gp130 is the common signal-transducing receptor chain of interleukin (IL)-6-type cytokines. Here we describe, for the first time, a single amino acid substitution (Trp(666)-->Ala) in the membrane-proximal interbox1/2 region that abrogates activation of STAT (signal transducer and activator of transcription) transcription factors and the proliferative response of pro-B-cell transfectants. Moreover, association of the Janus kinase JAK1 is prevented. No signalling of heterodimeric IL-5 receptor (IL-5R)/gp130 chimaeras occurs in COS-7 cells, even when only a single cytoplasmic chain of a gp130 dimer contains the Trp(666)Ala mutation, indicating that it acts dominantly. [less ▲]

Detailed reference viewed: 79 (3 UL)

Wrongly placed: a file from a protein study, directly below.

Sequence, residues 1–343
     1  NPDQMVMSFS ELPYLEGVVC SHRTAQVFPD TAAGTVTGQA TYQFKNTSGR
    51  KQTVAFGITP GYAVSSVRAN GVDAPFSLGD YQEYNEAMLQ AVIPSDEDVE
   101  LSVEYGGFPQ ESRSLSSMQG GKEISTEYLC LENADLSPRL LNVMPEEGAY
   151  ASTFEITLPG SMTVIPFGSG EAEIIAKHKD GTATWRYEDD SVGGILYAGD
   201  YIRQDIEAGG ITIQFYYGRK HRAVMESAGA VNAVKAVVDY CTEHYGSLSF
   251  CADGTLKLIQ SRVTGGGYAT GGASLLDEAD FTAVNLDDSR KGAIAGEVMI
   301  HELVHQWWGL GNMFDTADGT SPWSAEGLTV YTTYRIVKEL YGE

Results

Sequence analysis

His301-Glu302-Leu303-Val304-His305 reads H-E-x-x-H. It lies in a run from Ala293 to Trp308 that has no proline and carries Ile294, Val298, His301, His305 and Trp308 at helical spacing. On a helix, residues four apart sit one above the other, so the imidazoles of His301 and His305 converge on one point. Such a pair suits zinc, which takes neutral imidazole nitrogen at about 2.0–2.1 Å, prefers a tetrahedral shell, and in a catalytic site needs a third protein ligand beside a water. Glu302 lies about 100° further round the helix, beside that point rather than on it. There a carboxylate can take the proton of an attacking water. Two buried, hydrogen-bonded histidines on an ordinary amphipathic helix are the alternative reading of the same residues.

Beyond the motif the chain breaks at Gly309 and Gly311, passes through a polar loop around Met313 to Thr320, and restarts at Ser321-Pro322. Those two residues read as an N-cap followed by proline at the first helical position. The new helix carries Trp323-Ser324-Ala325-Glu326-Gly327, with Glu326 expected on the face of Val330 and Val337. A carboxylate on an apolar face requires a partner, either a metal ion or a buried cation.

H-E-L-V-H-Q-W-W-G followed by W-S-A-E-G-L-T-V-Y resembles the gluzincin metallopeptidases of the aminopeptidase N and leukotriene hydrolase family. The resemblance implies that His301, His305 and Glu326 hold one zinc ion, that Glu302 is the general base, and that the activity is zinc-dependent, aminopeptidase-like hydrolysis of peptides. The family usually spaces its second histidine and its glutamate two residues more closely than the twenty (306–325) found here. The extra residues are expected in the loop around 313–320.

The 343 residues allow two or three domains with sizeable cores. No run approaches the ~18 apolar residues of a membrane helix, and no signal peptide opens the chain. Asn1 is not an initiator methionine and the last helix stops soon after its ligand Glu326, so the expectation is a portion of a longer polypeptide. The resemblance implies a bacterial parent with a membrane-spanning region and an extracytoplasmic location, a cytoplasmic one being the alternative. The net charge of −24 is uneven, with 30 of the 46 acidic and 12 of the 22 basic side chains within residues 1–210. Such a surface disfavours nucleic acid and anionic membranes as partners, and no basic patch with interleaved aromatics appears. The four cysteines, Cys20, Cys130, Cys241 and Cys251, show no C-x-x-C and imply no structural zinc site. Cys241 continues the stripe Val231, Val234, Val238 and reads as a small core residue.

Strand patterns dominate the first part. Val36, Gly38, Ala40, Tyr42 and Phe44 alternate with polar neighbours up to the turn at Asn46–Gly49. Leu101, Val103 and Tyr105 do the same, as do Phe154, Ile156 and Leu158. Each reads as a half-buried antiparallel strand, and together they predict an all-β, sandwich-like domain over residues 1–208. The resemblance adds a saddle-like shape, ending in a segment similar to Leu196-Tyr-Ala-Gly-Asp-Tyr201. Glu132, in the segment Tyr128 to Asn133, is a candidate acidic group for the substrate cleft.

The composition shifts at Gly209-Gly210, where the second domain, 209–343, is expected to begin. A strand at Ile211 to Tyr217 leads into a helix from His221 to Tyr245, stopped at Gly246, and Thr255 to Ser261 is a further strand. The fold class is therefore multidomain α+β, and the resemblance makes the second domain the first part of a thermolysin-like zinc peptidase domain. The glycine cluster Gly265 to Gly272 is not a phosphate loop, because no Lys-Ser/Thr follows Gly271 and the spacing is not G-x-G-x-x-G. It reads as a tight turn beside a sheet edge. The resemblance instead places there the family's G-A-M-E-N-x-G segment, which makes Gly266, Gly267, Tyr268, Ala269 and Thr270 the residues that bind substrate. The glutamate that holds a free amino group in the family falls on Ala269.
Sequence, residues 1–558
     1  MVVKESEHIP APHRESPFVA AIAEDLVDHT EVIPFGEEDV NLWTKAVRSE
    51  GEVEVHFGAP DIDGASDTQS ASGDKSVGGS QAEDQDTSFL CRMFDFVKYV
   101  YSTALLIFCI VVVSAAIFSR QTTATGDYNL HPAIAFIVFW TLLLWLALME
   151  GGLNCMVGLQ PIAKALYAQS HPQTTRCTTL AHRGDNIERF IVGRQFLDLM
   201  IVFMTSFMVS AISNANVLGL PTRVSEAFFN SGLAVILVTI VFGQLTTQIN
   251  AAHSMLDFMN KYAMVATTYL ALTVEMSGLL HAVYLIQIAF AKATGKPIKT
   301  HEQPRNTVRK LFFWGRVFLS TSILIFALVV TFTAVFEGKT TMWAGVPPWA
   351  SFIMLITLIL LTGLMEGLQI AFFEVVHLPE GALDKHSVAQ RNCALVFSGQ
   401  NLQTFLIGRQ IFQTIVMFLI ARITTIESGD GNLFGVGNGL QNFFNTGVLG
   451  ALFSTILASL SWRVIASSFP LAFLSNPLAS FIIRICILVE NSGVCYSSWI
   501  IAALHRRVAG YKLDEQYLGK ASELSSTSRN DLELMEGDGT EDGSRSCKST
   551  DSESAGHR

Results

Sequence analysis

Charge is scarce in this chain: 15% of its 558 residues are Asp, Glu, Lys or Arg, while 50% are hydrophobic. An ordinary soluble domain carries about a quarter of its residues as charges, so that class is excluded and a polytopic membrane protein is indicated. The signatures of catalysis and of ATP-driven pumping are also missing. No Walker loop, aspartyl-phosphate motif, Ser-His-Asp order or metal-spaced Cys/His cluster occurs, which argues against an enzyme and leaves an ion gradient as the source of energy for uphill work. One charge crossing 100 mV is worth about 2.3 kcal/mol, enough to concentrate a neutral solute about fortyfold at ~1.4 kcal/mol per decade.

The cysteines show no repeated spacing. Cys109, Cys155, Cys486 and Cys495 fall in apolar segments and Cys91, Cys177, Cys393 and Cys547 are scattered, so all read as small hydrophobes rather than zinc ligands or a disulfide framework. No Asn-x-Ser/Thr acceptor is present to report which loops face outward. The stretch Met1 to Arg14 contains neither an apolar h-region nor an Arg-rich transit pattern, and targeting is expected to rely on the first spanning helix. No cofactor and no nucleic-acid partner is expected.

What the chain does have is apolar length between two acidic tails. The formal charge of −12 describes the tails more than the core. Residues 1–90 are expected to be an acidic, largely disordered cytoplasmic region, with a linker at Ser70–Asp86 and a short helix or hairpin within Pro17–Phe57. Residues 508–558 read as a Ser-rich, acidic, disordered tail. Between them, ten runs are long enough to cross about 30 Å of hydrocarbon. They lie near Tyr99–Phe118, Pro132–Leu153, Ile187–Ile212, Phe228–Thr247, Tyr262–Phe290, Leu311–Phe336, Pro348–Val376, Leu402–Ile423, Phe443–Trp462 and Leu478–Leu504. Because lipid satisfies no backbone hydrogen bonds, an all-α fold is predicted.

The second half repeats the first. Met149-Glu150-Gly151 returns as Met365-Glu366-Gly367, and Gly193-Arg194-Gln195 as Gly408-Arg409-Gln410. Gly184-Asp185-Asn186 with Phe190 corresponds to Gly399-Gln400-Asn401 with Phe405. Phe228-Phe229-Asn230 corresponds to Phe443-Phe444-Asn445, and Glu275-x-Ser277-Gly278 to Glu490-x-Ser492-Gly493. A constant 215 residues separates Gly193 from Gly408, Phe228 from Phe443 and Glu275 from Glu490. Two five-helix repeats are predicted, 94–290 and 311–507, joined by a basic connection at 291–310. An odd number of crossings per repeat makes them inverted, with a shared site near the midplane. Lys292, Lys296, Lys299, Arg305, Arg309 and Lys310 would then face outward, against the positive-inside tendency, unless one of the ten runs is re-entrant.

Peer Reviewed
See detailStructural requirements of the interleukin-6 signal transducer gp130 for its interaction with Janus kinase 1: the receptor is crucial for kinase activation
Haan, Claude UL; Heinrich, P. C.; Behrmann, Iris UL

in Biochemical Journal (2001), 361(Pt 1), 105-11

We analysed the interaction of gp130, the common signal-transducing receptor chain of interleukin (IL)-6 type cytokines, with Jak1, the Janus family kinase which is crucial for signal transduction of this ... [more ▼]